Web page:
Monday, October 15, 2018

Turning Pages: My Life Story

Supreme Court Associate Justice Sonia Sotomayor has shared the story of her life in an autobiography for adults, a story in Spanish for young adults and now as a picture book in both Spanish and English. Both Justice Sotomayor and Lulu Delacre, the illustrator of Turning Pages: My Life Story/Pasando Páginas share family traditions and memories from Puerto Rico. Young readers can look carefully at the illustrations to learn about life in Puerto Rico, in New York or at Princeton University and even to see newspapers the Justice’s family might have been reading when she was growing up. 

Justice Sotomayor remembers trips to sunny Puerto Rico when she could eat fresh mangoes and spicy chicken. From Puerto Rico to New York to Washington, D.C., books were always the Justice’s friends.  She called them her harbor, helping her escape the sadness of her father’s death; her snorkel and flippers, helping her explore life; a time machine inspiring her imagination; her launchpad, blasting her into her dreams. Now, in her life as a lawyer and judge, books are “maps to guide us to justice.”

The life of Justice Sonia Sotomayor is itself a launch pad for writing and discussions among students of any age.

·       What kind of books do you like to read and why? Did you have a favorite book when you were very little?

·       Justice Sotomayor remembers when her Abuelita, her grandmother, would “close her eyes and recite poems written long ago about the tropical land our family had left behind.” Does anyone in your family tell stories or sing songs when everyone gets together? What stories or songs do you remember?

·       Sonia Sotomayor was diagnosed with diabetes when she was just seven years old. She imagined she was brave and powerful like the superheroes in comic books so she could give herself daily injections.  What superpower would you like to have? What would you do with that power?

·       On the steps of the cover of the book is an opinion written by the Justice. Can you find her name and the title of the opinion?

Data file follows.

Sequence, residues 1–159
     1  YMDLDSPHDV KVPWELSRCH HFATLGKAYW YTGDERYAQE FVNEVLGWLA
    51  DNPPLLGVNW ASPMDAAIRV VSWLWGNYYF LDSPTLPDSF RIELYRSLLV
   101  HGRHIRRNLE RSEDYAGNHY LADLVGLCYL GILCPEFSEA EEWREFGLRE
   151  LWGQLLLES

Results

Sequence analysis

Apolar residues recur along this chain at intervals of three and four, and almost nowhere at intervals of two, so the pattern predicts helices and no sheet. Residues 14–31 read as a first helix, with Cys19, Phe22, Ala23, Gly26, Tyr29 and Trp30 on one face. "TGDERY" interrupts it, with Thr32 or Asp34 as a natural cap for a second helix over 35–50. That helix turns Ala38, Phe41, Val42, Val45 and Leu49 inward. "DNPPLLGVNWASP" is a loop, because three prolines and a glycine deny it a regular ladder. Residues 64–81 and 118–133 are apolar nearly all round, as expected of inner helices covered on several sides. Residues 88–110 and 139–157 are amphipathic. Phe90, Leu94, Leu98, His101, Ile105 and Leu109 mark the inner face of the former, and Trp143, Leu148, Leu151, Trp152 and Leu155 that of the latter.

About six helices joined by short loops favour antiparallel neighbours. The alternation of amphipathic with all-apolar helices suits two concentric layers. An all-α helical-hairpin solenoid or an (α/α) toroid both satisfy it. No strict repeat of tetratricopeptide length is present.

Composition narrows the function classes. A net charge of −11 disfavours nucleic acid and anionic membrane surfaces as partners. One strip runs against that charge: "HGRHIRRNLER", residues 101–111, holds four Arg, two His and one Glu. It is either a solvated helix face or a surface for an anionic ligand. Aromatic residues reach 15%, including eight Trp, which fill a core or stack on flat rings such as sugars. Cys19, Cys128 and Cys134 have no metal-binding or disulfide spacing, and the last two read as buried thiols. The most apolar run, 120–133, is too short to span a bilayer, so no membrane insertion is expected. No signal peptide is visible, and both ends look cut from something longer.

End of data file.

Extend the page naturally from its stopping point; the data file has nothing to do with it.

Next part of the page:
·       Justice Sotomayor remembers receiving a set of encyclopedias at her home and learning about myosis, mitosis and molecule (all pictured in the bubbles) from diving into the pages of one volumeIs there a set of encyclopedias in your school or neighborhood library? If so, pick any volume, open to any page and read about something you find on that page.  What did you learn?

·       “Justice means treating people fairly under the law,” writes the Justice. Why is it important to have laws or rules for a country or a school or a classroom? Everyone in the class could write one reason on a 3x5 card; then the cards can be posted in the classroom or hallway for everyone to see. 

·       There are lots of family photographs of Sonia Sotomayor on the book’s endpapers – as a child, at special family events, with her colleagues on the Supreme Court. Take photos of each student with a favorite book. Students can write a few sentences or draw a picture to explain why that book is special.  The photos can be posted so students learn about new books they might also enjoy reading.

Justice Sotomayor talks about the importance of books from her childhood to her life on the Supreme court: “Books are keys that unlock of wisdom of yesterday and open the door to tomorrow.”

Note: An exhibit of Lulu Delacre’s illustrations for Sonia Sotomayor’s life story is on display at the ZimmerliArt Museum, Rutgers University, New Jersey. 

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